Hon. Trent Lott,
Majority Leader, U.S. Senate,
Dear Mr. Leader: The President has asked me to reply to your letter concerning the Chemical Weapons Convention (CWC) and the role of the Senate under the Constitution in giving its advice and consent to treaties. Our staffs have held some discussions on this matter, but I want to address in more detail each of the three treaty issues you raise in the letter: the CFE flank agreement, ABM multilateralization and ABM/TMD demarcation.
On May 31, 1996, the United States, our NATO allies, Russia and the 13 other States Party to the CFE Treaty approved a document in Vienna culminating more than two years of intensive negotiations on the CFE flank issue. The centerpiece of this agreement was a realignment of the CFE map (depicting the territory of the former USSR in the CFE area), which has the effect of reducing the size of the flank zone. The CFE parties had deliberately not included this map as part of the Treaty when it was signed in 1990, and the Bush Administration did not submit the map to the Senate in 1991 as part of the formal documents for advice and consent. Accordingly, legal counsels in the Clinton Administration's national security agencies determined last year that a change to the map does not constitute a formal amendment to the Treaty.
At the same time, we determined that a realignment of the map did constitute a change in a `shared understanding' formed with the Senate at the time the Senate gave its advice and consent to the Treaty. That `shared understanding' established that the Treaty would be applied and interpreted on the basis of the original map. According to the 1988 `Biden Condition' on treaty interpretation (which was attached by the Senate to its resolution of ratification for the INF Treaty), Senate consent or congressional approval is required to change a shared understanding.
When the Administration submitted the CFE flank document for legislative approval last August, we were faced with a time-urgent situation: by its own terms, the document required all States parties to confirm their approval by December 15; yet very little time remained before the adjournment sine die of the 104th Congress. In this circumstance we chose to seek statutory approval by both houses, as is explicitly permitted under the Biden Condition.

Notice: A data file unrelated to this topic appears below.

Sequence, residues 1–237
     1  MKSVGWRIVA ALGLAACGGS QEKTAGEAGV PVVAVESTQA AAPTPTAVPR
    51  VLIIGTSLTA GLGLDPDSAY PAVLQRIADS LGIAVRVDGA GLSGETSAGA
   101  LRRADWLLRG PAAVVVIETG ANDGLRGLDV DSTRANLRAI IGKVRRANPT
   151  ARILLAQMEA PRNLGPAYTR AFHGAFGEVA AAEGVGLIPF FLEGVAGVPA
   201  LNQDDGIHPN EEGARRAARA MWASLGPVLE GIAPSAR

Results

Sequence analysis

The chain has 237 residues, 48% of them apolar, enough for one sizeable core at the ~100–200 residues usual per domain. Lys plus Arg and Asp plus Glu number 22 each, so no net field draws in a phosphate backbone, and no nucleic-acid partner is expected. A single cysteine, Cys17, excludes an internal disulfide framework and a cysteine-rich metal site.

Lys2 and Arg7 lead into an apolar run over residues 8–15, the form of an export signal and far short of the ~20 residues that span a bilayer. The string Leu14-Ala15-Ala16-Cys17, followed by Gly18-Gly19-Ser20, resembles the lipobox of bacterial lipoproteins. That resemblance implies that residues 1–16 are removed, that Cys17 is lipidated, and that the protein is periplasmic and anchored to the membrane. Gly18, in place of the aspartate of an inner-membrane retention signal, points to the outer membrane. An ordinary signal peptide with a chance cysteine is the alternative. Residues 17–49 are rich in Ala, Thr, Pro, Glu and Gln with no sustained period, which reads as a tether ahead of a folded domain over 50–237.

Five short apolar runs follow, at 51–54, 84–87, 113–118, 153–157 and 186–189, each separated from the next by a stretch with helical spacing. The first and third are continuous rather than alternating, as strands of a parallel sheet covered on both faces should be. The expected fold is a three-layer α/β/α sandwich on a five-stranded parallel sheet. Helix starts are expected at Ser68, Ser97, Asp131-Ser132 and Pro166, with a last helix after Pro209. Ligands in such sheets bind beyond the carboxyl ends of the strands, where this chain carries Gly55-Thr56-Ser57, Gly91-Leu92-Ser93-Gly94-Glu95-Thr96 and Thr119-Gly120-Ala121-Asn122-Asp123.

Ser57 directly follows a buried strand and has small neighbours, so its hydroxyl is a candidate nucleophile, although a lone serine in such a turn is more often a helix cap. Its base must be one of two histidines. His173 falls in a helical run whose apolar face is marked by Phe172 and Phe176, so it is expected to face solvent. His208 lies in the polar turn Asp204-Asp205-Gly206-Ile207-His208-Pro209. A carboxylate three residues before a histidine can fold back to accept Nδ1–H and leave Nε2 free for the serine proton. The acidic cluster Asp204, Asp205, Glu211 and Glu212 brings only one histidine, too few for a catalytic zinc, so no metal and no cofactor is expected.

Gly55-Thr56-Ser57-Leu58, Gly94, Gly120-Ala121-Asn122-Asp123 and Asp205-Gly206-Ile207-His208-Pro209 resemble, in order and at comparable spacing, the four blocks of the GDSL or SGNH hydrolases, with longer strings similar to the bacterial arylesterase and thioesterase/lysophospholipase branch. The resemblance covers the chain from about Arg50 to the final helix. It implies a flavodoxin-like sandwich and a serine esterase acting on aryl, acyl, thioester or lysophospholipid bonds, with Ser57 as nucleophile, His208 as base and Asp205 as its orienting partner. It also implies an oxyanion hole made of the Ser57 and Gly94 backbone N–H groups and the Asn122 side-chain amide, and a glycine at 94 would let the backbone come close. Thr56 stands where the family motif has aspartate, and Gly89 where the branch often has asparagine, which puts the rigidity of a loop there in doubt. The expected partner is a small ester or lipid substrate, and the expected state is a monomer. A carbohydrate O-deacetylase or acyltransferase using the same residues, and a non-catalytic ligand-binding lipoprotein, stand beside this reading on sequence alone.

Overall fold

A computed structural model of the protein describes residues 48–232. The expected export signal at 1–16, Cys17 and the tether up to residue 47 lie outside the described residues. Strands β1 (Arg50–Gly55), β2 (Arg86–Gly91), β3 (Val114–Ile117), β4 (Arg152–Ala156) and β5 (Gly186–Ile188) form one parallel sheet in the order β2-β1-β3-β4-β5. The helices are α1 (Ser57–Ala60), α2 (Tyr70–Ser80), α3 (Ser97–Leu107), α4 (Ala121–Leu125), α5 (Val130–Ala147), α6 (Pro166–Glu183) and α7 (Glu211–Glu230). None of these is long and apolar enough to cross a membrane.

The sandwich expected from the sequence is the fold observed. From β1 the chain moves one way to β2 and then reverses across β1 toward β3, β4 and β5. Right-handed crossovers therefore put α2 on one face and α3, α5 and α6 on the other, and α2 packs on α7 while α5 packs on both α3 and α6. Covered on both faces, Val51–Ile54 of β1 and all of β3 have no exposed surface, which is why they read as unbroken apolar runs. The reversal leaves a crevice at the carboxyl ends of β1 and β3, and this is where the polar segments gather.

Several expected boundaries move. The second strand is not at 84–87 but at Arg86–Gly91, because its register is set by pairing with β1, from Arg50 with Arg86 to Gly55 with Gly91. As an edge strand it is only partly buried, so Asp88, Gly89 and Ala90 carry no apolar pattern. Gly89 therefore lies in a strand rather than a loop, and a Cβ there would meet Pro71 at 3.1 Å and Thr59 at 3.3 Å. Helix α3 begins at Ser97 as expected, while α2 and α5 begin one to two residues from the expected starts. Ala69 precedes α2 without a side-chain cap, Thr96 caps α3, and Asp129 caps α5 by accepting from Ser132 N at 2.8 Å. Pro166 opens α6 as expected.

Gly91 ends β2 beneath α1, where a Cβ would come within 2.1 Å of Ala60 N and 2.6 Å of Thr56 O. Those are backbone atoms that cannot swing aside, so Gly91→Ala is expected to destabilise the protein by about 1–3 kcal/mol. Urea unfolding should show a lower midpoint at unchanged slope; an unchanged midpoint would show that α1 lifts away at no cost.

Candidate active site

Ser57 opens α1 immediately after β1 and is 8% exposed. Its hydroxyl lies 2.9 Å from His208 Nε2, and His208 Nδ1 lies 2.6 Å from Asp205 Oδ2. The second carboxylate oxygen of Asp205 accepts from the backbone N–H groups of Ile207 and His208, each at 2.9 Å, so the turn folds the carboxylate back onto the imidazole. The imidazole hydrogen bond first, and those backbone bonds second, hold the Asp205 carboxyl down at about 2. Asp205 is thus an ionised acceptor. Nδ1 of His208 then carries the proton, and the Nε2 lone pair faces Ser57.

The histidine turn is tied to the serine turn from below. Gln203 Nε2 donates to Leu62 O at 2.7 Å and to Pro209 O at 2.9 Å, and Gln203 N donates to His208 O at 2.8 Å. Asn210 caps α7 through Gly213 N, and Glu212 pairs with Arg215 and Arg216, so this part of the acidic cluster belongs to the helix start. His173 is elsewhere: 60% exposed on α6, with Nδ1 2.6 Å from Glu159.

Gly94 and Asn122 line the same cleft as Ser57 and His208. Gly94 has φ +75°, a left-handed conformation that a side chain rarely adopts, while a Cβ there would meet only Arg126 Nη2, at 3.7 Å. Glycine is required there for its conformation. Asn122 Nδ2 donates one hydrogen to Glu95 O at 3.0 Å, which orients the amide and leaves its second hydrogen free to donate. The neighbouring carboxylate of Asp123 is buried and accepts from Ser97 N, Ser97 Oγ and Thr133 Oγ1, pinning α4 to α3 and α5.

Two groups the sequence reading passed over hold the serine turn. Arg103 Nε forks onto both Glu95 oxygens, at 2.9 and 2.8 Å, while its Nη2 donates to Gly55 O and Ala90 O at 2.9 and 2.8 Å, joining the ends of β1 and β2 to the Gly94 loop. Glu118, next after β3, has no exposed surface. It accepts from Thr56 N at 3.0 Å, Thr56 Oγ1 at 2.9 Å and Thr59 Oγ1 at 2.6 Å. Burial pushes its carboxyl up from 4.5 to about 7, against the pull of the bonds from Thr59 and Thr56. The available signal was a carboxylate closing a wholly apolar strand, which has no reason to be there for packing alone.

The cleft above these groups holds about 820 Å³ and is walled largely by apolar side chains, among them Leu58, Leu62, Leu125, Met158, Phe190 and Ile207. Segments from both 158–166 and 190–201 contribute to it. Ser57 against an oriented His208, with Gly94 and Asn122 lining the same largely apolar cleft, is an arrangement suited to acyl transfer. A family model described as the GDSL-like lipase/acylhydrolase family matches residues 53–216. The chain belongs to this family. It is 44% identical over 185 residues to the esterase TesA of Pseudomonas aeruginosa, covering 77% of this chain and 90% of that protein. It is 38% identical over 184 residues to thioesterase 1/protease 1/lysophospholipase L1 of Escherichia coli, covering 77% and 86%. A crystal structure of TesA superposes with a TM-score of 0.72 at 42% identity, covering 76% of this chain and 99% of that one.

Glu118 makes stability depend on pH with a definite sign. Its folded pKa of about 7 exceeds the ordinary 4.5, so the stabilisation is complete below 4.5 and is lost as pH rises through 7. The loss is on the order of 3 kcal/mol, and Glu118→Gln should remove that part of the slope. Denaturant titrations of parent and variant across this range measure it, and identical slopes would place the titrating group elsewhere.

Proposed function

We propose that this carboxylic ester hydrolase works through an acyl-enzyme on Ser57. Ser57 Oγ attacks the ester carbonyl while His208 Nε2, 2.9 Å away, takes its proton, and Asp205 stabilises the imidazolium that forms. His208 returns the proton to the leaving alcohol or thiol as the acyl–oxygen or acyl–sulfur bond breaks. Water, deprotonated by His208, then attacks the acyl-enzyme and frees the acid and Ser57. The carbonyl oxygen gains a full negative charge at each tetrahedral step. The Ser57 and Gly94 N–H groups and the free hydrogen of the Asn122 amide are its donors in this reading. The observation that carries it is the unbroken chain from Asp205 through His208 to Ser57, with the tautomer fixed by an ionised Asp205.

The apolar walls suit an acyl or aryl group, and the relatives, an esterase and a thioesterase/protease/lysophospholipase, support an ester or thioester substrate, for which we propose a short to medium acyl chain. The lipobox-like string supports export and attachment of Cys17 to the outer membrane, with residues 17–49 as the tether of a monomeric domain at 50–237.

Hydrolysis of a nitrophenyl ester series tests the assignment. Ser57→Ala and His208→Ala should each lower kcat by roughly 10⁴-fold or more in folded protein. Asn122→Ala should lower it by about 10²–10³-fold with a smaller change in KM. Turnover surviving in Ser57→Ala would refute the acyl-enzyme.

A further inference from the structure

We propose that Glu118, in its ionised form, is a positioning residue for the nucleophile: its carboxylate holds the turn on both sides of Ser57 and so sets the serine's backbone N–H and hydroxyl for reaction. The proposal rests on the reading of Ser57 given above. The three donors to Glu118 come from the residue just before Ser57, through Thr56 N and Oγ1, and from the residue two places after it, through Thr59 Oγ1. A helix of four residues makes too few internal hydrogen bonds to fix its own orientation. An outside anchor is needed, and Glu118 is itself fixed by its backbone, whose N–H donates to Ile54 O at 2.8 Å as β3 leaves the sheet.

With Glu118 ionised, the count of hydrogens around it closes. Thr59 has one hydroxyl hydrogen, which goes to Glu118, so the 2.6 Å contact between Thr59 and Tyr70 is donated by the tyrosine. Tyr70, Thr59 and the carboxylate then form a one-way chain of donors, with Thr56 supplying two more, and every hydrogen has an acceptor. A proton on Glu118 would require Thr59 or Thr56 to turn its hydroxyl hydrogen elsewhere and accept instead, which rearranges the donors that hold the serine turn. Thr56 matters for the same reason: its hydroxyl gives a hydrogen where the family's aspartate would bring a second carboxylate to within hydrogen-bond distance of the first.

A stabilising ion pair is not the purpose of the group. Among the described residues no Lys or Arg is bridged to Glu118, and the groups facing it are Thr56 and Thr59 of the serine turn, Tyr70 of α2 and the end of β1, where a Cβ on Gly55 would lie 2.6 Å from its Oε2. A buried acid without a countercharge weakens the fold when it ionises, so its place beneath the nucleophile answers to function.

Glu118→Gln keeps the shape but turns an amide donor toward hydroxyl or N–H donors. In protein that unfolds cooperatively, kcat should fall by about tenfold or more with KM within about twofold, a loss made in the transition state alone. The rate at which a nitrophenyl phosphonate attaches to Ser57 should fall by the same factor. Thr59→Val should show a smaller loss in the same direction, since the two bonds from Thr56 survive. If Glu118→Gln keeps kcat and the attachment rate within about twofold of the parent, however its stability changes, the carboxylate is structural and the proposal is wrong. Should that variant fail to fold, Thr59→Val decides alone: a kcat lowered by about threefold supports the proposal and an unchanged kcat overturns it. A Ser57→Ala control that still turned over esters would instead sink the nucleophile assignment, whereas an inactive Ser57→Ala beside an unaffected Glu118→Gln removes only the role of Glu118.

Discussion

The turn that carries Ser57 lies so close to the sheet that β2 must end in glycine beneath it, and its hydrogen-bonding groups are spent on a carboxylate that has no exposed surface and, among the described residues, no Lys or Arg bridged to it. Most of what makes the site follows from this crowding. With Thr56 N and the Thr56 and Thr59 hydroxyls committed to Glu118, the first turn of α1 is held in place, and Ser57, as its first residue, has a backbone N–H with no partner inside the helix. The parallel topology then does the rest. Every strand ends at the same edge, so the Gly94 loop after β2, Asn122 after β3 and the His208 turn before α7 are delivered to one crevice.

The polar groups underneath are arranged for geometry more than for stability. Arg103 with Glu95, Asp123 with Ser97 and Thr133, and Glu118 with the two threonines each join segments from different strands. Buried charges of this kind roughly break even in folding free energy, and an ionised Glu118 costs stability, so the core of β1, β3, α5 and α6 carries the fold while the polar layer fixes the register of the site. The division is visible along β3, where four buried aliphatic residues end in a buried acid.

We now face a complex situation. At the Lisbon OSCE Summit in December, the 30 States party to the CFE Treaty agreed to extend the deadline for confirmation of approval to May 15, 1997. In recent months, it has become evident that the flank agreement underpins the new negotiations in Vienna on `CFE adaptation,' which in turn underpins NATO's efforts to define the new security environment in Europe as NATO enlarges. In addition, both adaptation of the CFE Treaty and the admission of new states to NATO will be effected through agreements that will be submitted for the advice and consent of the Senate. The situation and timing is therefore different from when the Administration submitted the CFE flank agreement for legislative approval last August. Accordingly, the Administration is prepared, without prejudice to its legal position vis-a-vis the approval options we believe are available to us, to seek Senate advice and consent to the flank Document provided the Senate will act on this crucial matter before May 15.
As noted in the President's November 25, 1996 report to Congress submitted in accordance with Section 406 of the FY 1997 State Appropriations Act (the `Livingston Report'--hereafter referred to as `the Report'), executive agreements recognizing the succession of new States to the treaty rights and obligations of their predecessors have traditionally not been treated as treaty amendments or new treaties requiring Senate advice and consent.
Rather, they have been treated as the implementation of existing treaties, which is recognized as an exclusively Presidential function under the Constitution. The Report elaborates the specific reasons why this conclusion applies in the case of the June 24, 1996 Memorandum of Understanding (MOU) on ABM Succession reached ad ref between the United States, Russia, Ukraine, Belarus and Kasakstan in the Standing Consultative Commission (SCC). It also explains why the MOU does not constitute a substantive modification of the ABM Treaty.
In dealing with matters of succession, a key U.S. objective has been to reconstitute the original treaty arrangement as closely as possible. This was true with respect to the elaboration of the ad ref MOU as well and, accordingly, the MOU works to preserve the original object and purpose of the ABM Treaty. We hope that the breakthrough on ABM/TMD demarcation achieved at the Helsinki Summit will set the stage for a meeting at which all parties would sign this MOU. The Administration continues to believe that the agreement does not require the advice and consent of the Senate, or any other form of congressional approval, to enter it into force.
The White House,
Washington, April 24, 1997.